Afghanistan war spreading to Pakistan, review says
The US military led strategy in Afghanistan is spreading resistance and anti-American sentiment to Pakistan, and increasing instability in the region. The US must rethink and abandon this military led strategy or risk escalating the US war in Afghanistan to neighboring countries.
The President addressed the press yesterday morning, delivering short remarks about the National Security Council’s “Afghanistan and Pakistan Annual Review.” The full review, which the President requested last year, is classified, but an executive summary details what the White House wants us to know. The unclassified summary says the US is making progress, especially in key areas such as Kandahar and Helmand Provinces, but “gains remain fragile and reversible.” The summary lacks details, doesn’t mention Afghan President Hamid Karzai and comes off as largely rhetorical.
President Obama’s directive to prevent safe havens in Afghanistan and Pakistan was the focal point of his remarks yesterday. Yet, there is no guarantee that under this strategy-whether we leave in 2011 or 2014-Taliban and al Qaeda operatives won’t return to Afghanistan. Even Rep. Ike Skelton (MO), a staunch supporter of President Obama’s war effort, has expressed skepticism about the ability of the Afghan government and security forces to “prevent al Qaeda and the Taliban from reestablishing safe havens in the long term.”
One thing made clear by the review is the US military led strategy is spreading, not containing, the US war in Afghanistan. As the US military continues to experience resistance in the South, those “fragile and reversible” gains are a facade; the US war is not turning a corner, it is merely pushing east. According to recent National Intelligence Estimates-one on Afghanistan and one on Pakistan-refuge areas in Pakistan are on the rise, despite US and Pakistani efforts to prevent them.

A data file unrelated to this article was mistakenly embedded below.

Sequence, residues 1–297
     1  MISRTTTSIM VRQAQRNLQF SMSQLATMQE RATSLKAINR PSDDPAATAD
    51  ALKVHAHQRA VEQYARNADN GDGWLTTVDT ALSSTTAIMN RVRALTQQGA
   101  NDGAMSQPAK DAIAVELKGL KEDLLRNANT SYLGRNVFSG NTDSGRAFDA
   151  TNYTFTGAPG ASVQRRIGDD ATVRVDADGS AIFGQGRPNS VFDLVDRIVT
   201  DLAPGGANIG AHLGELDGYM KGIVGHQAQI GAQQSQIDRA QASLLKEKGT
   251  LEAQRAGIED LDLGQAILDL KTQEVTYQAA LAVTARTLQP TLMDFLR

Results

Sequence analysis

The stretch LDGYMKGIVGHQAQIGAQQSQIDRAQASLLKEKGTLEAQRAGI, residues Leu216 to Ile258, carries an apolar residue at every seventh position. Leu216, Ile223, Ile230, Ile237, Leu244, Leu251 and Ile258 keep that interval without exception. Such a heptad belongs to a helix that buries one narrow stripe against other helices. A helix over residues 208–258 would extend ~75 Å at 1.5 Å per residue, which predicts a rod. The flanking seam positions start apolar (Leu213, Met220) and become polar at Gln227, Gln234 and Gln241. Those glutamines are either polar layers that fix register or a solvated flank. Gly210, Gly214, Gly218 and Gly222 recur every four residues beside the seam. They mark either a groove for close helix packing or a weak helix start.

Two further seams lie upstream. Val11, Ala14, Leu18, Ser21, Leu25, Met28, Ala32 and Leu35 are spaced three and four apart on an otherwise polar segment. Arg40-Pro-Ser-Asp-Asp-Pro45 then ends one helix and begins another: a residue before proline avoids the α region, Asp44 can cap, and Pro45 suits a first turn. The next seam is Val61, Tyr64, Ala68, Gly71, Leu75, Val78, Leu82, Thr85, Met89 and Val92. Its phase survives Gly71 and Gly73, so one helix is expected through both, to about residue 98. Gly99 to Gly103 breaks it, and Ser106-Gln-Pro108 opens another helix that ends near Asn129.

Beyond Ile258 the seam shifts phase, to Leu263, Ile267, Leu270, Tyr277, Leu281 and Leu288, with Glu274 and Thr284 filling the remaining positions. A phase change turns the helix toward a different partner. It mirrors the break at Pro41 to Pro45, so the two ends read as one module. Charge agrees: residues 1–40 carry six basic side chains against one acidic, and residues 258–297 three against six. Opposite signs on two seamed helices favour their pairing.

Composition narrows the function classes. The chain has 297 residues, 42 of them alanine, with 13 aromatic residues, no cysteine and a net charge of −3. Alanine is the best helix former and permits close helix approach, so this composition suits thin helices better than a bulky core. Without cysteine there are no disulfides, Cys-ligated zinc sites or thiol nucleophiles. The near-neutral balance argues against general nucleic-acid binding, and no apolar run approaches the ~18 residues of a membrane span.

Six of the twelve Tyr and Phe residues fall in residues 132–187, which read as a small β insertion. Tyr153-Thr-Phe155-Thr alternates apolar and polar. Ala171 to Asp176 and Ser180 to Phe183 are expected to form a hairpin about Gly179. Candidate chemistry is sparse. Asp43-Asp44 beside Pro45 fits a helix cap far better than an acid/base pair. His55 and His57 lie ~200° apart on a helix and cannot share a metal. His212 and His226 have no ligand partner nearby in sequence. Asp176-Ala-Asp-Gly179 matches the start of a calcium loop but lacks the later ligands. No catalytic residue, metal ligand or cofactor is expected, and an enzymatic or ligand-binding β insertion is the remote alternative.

The US occupation of Afghanistan does not eliminate the ability of the Taliban or al Qaeda to establish safe havens in either country. Rather, it only cause the establishment of refuge areas in Pakistan–proof the US war strategy in Afghanistan undermines, rather than achieves, the long term goal of denying sanctuary. This does not mean that the US should invade Pakistan or continue the drone campaign there, as this simply exacerbates the problem.
Why, then, are there “a lot of … kinetic actions taking place along that [Pakistani] border,” as Secretary of Defense Gates stated yesterday? Why is the Pentagon expanding the drone campaign and special forces operations in Pakistan? The Af-Pak executive summary clearly states that “denial of extremist safe havens cannot be achieved with military means alone, but must continue to be advanced by effective development strategies.” Where are the diplomatic strategies, Mr. President?
We cannot lost sight of this fact: the insurgency in Afghanistan and Pakistan exists solely because the United States occupies Afghanistan and conduct drone bombings in Pakistan.
Almost unanimously experts, Afghans and the American public are calling for an end to the War in Afghanistan. Bottom line: the US military led strategy cannot deliver President Obama’s stated end to prevent safe havens in Afghanistan and Pakistan, and only serves to undermine that goal. If the US continues down this course, the occupation will stretch on far beyond 2014 and bleed into neighboring countries.
We must ask this: is the US prepared to pour another $300 billion and countless lives into a decades long endeavor in a country of little geopolitical importance for limited, if any, tangible results?